The Rotunda is a massive circular structure with a masonry core that used to have an oculus like the Pantheon in Rome. It has gone through multiple periods of use and modification as a polytheist temple, a Christian basilica, a Muslim mosque, and again a Christian church (and archaeological site).
The cylindrical structure was built in 306 AD on the orders of the tetrarch Galerius, who was thought to have intended it to be his mausoleum. It was more likely intended as a temple; it is not known to what god it would have been dedicated. Eventually, Galerius died in 311 AD and he was buried in Felix Romuliana, modern Serbia. In the 4th century AD, the Byzantine emperor Constantine I converted it into an Orthodox church and many frescoes were painted inside, some of which survive today on the walls of Rotunda.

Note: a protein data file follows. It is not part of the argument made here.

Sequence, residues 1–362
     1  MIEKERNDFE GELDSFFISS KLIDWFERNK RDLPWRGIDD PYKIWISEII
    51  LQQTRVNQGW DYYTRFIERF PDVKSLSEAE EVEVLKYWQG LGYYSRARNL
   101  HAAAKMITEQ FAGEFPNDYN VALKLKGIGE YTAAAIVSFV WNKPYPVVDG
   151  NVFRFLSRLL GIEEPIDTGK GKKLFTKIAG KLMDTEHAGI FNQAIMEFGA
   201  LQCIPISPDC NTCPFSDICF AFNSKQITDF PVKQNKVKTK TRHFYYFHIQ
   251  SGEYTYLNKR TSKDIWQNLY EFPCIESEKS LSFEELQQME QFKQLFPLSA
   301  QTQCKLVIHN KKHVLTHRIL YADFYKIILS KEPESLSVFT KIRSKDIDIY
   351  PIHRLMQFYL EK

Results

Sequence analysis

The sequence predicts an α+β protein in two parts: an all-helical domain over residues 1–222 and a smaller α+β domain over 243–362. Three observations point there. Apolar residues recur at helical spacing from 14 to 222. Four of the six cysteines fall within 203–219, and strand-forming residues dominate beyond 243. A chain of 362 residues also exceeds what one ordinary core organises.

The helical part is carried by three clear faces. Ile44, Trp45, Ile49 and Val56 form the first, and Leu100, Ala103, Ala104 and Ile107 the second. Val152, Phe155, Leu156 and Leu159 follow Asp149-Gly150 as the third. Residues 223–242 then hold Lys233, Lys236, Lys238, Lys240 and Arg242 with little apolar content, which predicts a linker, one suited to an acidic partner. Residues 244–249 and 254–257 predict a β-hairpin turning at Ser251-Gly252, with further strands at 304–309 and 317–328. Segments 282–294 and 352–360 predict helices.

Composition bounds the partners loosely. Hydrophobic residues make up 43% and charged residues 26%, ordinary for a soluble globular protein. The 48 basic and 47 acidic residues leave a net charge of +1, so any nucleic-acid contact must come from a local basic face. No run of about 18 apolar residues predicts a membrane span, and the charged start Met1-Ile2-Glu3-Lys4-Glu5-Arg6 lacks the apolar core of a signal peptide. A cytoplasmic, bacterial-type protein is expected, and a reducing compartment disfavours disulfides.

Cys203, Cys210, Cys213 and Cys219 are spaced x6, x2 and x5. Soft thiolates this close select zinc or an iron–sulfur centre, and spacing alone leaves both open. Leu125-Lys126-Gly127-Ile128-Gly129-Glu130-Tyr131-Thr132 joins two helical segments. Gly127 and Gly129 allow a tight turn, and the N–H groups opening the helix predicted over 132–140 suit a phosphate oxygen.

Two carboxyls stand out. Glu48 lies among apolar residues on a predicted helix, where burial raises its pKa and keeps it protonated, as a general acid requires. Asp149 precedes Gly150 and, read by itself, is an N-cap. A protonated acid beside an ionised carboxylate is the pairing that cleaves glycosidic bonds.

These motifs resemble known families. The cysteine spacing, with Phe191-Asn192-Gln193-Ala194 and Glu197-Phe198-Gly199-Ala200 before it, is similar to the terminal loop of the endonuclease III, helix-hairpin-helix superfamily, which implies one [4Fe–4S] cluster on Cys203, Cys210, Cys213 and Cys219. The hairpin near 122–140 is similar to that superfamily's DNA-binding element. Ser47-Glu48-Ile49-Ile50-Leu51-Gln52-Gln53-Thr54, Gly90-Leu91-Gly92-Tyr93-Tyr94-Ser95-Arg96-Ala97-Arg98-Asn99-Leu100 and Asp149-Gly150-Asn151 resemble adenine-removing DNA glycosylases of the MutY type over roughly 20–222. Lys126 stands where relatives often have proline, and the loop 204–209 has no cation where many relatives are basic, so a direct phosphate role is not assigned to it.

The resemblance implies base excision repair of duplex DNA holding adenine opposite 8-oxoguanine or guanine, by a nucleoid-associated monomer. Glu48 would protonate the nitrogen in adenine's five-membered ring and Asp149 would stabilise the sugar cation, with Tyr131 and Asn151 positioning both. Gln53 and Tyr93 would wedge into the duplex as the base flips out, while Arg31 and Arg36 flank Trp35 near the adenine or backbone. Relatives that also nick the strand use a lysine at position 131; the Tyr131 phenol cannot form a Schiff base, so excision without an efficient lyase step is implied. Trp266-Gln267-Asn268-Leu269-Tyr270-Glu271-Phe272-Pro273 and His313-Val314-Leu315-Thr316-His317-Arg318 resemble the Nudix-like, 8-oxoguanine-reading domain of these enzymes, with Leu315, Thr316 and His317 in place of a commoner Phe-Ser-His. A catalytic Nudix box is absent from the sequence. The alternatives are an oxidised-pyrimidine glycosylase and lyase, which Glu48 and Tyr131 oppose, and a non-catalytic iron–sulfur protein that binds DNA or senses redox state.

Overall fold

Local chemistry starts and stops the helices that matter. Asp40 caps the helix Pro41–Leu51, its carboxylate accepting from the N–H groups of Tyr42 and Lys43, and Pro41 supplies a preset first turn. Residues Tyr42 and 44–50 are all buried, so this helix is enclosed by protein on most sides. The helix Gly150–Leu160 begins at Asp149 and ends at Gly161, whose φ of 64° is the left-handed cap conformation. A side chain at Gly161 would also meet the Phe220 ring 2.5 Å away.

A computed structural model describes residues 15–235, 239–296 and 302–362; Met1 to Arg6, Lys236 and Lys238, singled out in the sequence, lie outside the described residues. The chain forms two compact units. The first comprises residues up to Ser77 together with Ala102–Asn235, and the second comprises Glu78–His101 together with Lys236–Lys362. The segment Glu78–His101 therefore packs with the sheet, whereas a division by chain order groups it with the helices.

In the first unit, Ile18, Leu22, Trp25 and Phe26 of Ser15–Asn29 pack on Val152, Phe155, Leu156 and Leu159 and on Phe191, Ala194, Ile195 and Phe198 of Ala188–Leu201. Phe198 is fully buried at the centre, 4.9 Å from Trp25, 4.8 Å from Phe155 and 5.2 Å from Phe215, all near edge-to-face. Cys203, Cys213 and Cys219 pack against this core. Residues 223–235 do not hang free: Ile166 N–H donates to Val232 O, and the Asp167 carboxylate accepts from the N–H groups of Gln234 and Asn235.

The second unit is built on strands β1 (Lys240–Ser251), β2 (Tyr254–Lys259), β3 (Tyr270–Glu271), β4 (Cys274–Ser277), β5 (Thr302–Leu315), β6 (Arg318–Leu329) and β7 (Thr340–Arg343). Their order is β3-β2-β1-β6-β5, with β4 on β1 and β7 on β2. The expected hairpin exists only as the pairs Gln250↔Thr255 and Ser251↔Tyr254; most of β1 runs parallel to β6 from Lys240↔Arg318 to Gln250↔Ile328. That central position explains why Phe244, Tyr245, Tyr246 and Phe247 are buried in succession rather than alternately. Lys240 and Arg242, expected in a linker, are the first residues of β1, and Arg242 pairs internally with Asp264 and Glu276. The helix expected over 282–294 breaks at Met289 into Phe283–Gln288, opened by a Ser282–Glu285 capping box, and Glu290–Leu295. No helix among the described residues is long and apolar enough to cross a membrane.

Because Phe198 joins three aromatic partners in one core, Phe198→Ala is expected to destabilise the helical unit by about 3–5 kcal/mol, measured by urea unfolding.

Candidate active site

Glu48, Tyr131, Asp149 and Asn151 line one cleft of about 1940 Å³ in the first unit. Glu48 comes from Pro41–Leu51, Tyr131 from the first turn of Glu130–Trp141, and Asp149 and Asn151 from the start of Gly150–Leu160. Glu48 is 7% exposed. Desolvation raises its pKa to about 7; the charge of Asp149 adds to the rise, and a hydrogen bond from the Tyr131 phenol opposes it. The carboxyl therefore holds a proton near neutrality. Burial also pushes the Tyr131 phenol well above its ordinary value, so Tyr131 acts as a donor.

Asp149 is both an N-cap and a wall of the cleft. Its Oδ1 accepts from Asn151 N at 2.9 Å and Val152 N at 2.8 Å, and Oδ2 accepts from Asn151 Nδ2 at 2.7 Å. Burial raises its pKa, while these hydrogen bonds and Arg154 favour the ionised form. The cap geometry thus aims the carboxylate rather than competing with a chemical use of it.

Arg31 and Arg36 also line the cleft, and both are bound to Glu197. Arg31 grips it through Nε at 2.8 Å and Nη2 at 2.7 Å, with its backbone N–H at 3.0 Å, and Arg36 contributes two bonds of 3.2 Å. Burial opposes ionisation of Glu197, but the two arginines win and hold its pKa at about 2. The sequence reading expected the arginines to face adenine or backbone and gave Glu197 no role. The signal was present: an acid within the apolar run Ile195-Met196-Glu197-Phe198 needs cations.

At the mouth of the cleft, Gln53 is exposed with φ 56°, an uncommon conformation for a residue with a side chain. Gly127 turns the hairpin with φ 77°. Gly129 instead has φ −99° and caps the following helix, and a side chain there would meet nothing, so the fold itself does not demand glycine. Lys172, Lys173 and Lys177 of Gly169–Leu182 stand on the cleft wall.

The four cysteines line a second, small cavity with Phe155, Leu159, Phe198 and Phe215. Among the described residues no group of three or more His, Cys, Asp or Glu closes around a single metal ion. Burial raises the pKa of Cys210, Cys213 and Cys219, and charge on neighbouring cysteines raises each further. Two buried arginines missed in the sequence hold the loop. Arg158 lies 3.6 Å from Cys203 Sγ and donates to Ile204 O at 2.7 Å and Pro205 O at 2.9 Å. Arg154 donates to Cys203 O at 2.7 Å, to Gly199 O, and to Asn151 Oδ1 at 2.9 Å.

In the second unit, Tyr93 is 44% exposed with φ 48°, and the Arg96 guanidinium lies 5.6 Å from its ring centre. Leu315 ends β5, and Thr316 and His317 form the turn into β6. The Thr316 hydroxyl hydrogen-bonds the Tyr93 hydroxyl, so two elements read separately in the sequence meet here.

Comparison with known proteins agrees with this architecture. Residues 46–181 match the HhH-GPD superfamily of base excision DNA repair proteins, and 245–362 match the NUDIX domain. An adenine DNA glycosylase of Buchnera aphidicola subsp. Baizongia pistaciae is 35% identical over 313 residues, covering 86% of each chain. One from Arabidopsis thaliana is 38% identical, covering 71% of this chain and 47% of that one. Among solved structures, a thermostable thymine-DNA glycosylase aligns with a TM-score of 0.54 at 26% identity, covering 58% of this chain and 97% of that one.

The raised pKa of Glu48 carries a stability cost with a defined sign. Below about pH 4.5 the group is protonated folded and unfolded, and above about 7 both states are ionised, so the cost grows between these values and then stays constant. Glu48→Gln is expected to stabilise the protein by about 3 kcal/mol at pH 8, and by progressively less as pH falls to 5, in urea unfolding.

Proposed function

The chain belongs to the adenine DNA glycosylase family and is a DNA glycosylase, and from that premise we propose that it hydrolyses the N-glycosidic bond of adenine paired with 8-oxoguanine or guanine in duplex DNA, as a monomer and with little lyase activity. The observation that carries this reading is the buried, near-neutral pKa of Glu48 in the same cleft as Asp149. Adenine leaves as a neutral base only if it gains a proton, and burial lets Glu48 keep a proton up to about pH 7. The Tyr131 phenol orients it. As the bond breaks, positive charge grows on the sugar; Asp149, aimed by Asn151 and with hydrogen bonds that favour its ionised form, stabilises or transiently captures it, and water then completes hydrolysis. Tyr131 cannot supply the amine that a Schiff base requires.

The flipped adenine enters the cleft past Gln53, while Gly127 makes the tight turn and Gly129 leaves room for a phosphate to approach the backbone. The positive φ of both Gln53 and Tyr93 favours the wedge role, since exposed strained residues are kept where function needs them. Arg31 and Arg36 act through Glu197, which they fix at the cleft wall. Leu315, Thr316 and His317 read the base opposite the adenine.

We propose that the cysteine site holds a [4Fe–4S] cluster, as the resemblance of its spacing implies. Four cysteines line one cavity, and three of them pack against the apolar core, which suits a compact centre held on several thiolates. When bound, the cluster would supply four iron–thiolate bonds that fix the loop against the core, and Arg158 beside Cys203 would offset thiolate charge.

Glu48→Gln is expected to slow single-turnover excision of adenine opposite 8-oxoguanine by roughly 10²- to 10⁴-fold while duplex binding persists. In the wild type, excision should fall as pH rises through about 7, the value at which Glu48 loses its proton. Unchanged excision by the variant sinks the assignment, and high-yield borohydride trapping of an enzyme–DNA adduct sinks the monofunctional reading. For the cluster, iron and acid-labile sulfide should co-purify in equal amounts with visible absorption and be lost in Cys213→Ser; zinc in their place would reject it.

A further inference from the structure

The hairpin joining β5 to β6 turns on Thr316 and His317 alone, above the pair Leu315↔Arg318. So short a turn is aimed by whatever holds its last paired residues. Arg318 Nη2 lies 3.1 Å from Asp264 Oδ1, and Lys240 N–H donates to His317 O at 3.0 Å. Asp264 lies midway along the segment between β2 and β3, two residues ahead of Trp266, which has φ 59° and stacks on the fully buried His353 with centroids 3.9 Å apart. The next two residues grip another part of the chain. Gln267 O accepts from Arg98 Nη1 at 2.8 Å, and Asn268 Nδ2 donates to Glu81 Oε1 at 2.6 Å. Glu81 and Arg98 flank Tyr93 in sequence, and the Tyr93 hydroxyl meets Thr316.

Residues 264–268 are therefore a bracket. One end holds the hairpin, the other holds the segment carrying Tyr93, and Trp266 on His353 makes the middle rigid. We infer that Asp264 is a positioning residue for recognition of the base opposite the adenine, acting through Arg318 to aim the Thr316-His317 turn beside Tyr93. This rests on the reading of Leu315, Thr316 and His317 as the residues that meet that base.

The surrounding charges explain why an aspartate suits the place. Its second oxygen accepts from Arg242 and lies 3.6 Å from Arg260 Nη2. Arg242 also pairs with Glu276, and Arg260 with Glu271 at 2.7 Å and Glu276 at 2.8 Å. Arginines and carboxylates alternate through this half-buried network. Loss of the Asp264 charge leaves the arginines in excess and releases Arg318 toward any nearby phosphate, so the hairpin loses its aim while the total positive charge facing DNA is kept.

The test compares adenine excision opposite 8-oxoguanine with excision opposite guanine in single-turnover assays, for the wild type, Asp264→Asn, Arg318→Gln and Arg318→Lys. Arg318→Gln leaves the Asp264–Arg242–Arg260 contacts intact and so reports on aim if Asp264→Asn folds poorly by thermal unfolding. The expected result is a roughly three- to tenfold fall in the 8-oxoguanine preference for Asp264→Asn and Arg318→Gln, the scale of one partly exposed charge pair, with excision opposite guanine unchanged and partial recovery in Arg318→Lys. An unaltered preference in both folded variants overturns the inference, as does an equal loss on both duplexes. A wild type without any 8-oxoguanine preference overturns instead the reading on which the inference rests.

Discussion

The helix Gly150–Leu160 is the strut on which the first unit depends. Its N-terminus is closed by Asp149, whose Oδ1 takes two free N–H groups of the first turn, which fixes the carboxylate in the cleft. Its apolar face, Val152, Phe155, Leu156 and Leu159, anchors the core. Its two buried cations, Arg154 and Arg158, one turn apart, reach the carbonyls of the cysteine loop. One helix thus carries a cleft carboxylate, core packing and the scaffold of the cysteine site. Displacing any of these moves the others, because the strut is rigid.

The Rotunda has a diameter of 24.5 m. Its walls are 6.3 m thick, which is why it has withstood Thessaloniki’s earthquakes. The walls are interrupted by eight rectangular bays, with the south bay forming the entrance. A flat brick dome, 30 m high at the peak, crowns the cylindrical structure. In its original design, the dome of the Rotunda had an oculus, as does the Pantheon in Rome.
The structure was damaged during an earthquake in 1978 but was subsequently restored. As of 2004, the minaret was still being stabilized with scaffolding. The building is now a historical monument under the Ephorate of Byzantine Antiquities of the Greek Ministry of Culture, although the Greek Orthodox Church has access to the church for various festivities.
The Rotunda is the oldest of Thessaloniki’s churches. Some Greek publications claim it is the oldest Christian church in the world, although there are competitors for that title. It is the most important surviving example of a church from the early Christian period of the Greek-speaking part of the Roman Empire.
All rights reserved © V-Light